Many people struggle with Bible reading and engagement in general, but this is particularly true with the first part of the Bible. We know that those who do read tend to spend more time in the New Testament. But there is no good way to understand Jesus without understanding what came before him—the stories, songs, and promises that shaped everything he said and did. Old Testament scholar John Goldingay wants readers to rediscover the original feel of these passages in his new translation, The First Testament. Glenn Paauw, senior director of content at the Institute for Bible Reading, spoke with Goldingay about how certain ways of rendering the Bible can usher us back into the Bible’s own world.
First, the inevitable question: Why does the world need another Bible translation?
I suppose the reason we make new Bible translations is the same reason we write new commentaries: It’s not necessarily that something brand new is being said, but more that you get to learn from someone else’s interaction with the text. Every translation is a collection of the compromises that someone is choosing to make. Translations must also change over time, as cultures change. Every so often we need to hear a fresh presentation of what the Bible is saying.
Most popular Bible translations have been done by committee. What is the value of having an individual do a Bible translation instead?
Of course, a committee approach is going to avoid the idiosyncrasies of an individual translation, and it provides some corporate safeguarding from the kind of mistakes an individual person might make. But when I worked on The First Testament, I was able to pursue my particular goals and work them through the entire thing. This was a rare opportunity. I’ve been living with this text for a long time, and it was good to work on bringing the fruit of that engagement to others.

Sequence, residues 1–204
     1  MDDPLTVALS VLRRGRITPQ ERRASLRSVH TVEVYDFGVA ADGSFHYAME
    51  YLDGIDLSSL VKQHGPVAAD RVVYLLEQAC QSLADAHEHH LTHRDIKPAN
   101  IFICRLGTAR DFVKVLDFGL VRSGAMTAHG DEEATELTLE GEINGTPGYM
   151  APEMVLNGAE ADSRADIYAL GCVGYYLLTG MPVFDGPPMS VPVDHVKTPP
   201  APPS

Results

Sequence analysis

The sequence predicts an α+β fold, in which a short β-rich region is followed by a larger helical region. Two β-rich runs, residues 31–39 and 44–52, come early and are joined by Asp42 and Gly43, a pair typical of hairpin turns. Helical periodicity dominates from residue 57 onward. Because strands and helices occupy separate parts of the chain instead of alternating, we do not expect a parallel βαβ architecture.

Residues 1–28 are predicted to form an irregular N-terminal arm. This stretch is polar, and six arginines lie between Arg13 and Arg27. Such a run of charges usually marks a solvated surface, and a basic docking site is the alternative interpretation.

Why call the Old Testament the “First Testament”?
When we talk about something being “old” in our culture, we typically mean that it’s out of date. It goes along with the idea that what’s new is what counts. This language of “old” and “new,” as applied to the Bible, comes from long after the time of Jesus—several centuries later, in fact. We can be misled by that phrase “Old Testament,” which doesn’t itself come from the Scriptures. I think that name inhibits people from reading it.
I hope that changing the name to “First Testament” can get people’s attention. I’m hoping to invite people into this part of the Bible so they can rediscover its huge significance for Christian faith.
Some Bible translations emphasize contemporary language, while others concentrate more on bringing readers into an ancient world that is somewhat strange. The First Testament seems to favor the latter approach. What are your reasons for not smoothing out all the rough, strange-sounding phrases?
I’ve mentioned that translation always involves a compromise, and this choice between emphasizing the ancient world or the contemporary world is an example of that. It isn’t that one of these approaches is completely right and the other wrong; rather, it’s a matter of choosing an emphasis. In fact, it is simply impossible to produce a completely faithful equivalent of one piece of writing in another language. One has to make choices, and I decided to help people hear the words as closely as possible to what they would have heard in the ancient world.
There are some advantages to using more paraphrasing, and the “dynamic equivalence” approach has been more fashionable. But I wanted to offer people something they haven’t encountered as much with their Bibles. I am trying to recover the advantages of a more word-for-word rendering, because this can help readers get back into the details of the language of Scripture. For instance, one thing I do is to convey the actual names of biblical characters by using transliterations of those names (like Mosheh rather than Moses). De-familiarizing the text like this allows the Bible to strike us all in fresh ways.
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Source: Christianity Today